Men and women alike tend to share fairly intimate details of their lives with the individuals who cut their hair. The nostalgic image of men sitting in a barbershop chatting about any number of topics is almost timeless and still, to an extent, exists today. Similarly, women are often not afraid to talk about their lives with their hairdressers and nail technicians, frequently revealing extremely personal details. In some cases, such details include accounts of domestic violence and domestic partner abuse, potentially leaving the beautician at a loss regarding how to help. Thanks to new legislation passed last month, hair stylists and other licensed beauty technicians will now be required to undergo domestic violence training so they can provide assistance to clients facing such issues.
Meeting Victims Where They Are
In mid-August, Illinois Governor Bruce Rauner signed a measure that amends the Barber, Cosmetology, Esthetics, Hair Braiding, and Nail Technology Act of 1985. Beginning January 1, 2017, all licensed individuals working in the beauty service industry will be required to complete at least one hour of continuing education specifically regarding domestic abuse before their licenses can be renewed. The training will address domestic violence and sexual assault awareness, and provides each participant information and resources to pass along to clients who may have been victimized.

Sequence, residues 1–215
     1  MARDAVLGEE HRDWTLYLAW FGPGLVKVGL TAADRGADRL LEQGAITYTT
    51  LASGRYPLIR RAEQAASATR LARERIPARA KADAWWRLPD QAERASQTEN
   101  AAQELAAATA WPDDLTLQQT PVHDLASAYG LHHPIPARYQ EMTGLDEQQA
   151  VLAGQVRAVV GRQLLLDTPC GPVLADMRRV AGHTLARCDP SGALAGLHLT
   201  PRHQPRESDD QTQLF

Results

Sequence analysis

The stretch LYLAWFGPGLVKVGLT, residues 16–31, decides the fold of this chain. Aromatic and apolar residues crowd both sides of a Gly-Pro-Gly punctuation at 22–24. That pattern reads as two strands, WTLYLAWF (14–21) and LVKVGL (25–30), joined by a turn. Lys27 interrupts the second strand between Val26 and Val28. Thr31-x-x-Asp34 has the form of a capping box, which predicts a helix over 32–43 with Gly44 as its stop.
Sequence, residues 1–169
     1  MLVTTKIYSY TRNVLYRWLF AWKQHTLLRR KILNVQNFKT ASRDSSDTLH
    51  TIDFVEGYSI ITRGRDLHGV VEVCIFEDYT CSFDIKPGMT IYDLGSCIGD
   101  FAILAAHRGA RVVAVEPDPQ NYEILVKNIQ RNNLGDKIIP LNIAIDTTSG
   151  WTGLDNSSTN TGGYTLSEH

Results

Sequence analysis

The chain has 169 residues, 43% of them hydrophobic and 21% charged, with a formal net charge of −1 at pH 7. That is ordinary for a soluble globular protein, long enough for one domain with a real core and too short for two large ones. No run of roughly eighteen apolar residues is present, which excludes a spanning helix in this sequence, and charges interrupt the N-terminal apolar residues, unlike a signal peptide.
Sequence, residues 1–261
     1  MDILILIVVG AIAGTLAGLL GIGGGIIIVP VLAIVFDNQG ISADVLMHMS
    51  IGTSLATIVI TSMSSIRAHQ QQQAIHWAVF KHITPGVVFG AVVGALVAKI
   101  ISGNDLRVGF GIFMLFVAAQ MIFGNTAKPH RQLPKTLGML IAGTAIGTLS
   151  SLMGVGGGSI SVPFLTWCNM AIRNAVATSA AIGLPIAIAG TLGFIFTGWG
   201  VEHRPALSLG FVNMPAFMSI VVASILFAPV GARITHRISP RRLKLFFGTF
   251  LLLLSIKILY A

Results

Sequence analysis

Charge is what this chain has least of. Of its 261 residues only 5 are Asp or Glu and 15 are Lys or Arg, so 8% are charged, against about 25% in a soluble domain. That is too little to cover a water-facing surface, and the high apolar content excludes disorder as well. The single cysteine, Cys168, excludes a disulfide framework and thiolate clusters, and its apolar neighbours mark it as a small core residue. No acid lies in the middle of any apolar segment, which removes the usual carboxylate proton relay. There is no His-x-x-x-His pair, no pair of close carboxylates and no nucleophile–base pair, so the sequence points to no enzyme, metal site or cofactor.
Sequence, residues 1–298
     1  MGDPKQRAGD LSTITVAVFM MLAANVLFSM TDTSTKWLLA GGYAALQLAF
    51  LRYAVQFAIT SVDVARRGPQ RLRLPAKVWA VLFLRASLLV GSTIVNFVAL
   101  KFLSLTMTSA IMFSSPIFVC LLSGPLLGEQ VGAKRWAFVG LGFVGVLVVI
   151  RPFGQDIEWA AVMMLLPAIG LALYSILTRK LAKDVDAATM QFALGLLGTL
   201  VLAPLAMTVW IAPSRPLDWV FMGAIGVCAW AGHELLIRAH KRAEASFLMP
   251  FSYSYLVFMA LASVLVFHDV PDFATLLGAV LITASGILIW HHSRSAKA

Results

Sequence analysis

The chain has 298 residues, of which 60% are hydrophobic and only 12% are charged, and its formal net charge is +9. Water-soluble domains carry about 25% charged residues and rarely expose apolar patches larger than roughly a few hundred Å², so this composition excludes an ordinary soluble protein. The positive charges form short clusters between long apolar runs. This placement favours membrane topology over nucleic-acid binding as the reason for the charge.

One of the bill’s sponsors in the State Senate was Senator Bill Cunningham, a Democrat who represents the 18th District in Chicago. Senator Cunningham said that his wife used to work as a hairdresser and that clients would tell her stories about being victims of domestic violence. “Unfortunately,” Cunningham said in a press release, “she didn’t have the knowledge or resources needed to help them.” The new law, he went on to say, will ensure that beauty workers will have the tools they need when someone turns to them for assistance.
If you or someone you love have been the victim of domestic abuse, there are a number of steps you can take, but your first priority must be your physical safety. You may wish to file for an order of protection before taking any other action to help keep your abuser away from you. Once your safety is secured, you can take more permanent steps to protect your family, such as filing for divorce or amending child custody orders or parenting plans.
To learn more about your options and the resources available to you, contact an experienced Orland Park family law attorney. Our compassionate team is here to help you through your most difficult time, offering the representation you deserve and the peace of mind you deserve. Call 708-518-8200 for a free consultation at Kezy & Associates today.